Providing a range of pre-cursors from literature and literary criticism, Haas presents the staging of the ficto/critical as beginning at no single point, but in a range of swirling and chaotic influences and movements. The significant place of experimental feminist writing from Australia and Canada in these uptakes and possibilities points to a willingness, on the part of Haas, to both acknowledge and critique the many shifts and actors involved – thereby emphasising the often un-nameable and highly diverse set of works that come to fall into the category of the ficto/critical. The work of Helen Flavell is acknowledged and outlines the important ways that ficto/criticism was taken up by feminist writers where the auto/biographical and auto/theoretical were already established as literary techniques.

As a substantial contribution through an extensive literature review, this text presents an excellent resource and field guide. The strengths of the work lie in the preparedness to take seriously and to interrogate existing material, whilst providing a genealogy, a set of potential definitions, and a record of key texts and authors. The work is an excellent study of how something comes into being and accounts for the many offshoots and ways of talking about ficto/criticism, which appears to have developed its own fixity. Haas presents the historical accounting through the genealogical approach of the conditions of possibility for the ficto/critical, while also reporting on the wide and varied influences and the important contribution of Australian writers and academics. In this way, Haas accounts for some of the key texts and their authors, including the precedents and their outcomes.

In the introduction ‘A Possible List of Fictocritical Textual Features’, Haas lists the many and varied modes and techniques taken up, in different ways, by a range of writers recognised as producing ficto/critical texts. This is an excellent introduction and, as a starting point for understanding both the form and the technique, has great potential for teaching the ficto/critical. With readings of works by Gail Jones, Stephen Muecke, Kathleen Stewart, Guy Maddin, Michael Taussig, Anna Gibbs, Heather Kerr and others, Haas has produced a significant contribution to the limited available analysis of many of these works.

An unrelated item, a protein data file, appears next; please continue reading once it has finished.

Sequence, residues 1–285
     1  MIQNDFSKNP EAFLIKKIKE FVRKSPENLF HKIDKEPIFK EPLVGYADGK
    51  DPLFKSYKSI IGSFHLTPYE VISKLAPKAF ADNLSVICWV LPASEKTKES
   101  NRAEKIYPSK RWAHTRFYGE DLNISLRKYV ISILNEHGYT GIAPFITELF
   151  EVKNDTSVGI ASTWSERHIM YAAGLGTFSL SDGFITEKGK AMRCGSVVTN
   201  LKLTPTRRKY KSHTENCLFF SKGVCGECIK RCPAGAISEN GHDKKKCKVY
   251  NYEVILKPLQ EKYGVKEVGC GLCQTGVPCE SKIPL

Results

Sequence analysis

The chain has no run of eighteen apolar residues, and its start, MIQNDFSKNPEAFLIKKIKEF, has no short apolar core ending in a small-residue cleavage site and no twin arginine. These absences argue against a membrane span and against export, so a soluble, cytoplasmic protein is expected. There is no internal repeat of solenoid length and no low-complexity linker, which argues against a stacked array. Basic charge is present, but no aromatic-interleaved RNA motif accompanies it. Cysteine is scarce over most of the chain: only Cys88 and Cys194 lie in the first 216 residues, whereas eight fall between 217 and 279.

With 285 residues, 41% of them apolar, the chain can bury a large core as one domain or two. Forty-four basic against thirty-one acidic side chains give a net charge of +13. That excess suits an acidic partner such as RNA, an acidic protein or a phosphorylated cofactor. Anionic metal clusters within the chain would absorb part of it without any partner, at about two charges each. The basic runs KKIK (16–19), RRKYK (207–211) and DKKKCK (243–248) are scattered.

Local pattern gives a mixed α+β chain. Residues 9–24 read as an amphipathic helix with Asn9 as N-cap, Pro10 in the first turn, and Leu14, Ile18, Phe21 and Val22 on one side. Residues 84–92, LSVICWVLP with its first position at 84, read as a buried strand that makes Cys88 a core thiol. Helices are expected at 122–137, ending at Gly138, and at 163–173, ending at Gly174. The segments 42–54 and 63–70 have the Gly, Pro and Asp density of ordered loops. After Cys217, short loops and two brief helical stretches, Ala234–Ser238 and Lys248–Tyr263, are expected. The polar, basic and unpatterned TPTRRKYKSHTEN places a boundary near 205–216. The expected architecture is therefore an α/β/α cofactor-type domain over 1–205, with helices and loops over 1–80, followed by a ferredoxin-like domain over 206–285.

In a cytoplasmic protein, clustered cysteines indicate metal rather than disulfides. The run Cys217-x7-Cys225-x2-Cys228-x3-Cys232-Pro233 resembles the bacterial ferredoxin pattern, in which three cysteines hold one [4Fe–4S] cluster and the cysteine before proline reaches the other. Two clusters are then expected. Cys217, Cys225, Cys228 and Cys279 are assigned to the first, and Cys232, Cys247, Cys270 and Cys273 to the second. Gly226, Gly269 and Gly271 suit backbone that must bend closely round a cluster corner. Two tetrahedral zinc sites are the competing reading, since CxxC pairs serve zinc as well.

Haas also suggests, rightly, that Schlunke’s Bluff Rock: Autobiography of a Massacre (2005) is an ‘exemplary ficto/critical text that instantiates all the defining traits that the present thesis proposes’ (167). The highly useful analysis of Schlunke’s work demonstrates the ways she ‘investigates the historiographic textual relation that allows local discursive entities to form, circulate, and effectively serve wider cultural functions’ (167). The close readings by Haas throughout the text make this a valuable and important work of analysis. The approach of a literary scholar who uses the knowledge of the fictocritical to analyse the fictocritical text is significant, illuminating the diverse ways that each text is constructed using the range of techniques found.


Works Cited

Muecke, S 2010 ‘The Fall: Fictocritical Writing’, Parallax 8, 4: 108-112 return to text



Dr Rosslyn Prosser is Senior Lecturer in Creative Writing at the University of Adelaide. Ros has published in a range of styles, forms and modes, most recently How to Make Whips’ in Cordite Poetry Review Chapbook: Queering Modes (ed A Coppe, November 2017), and co-authored with Barbara Baird ‘The Marching Dunstans: Performing Memory, Queering Memory’ in Media International Australia 165, 1.


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Vol 22 No 1 April 2018
General Editor: Nigel Krauth. Editors: Julienne van Loon & Ross Watkins
Reviews Editors: Pablo Muslera & Amelia Walker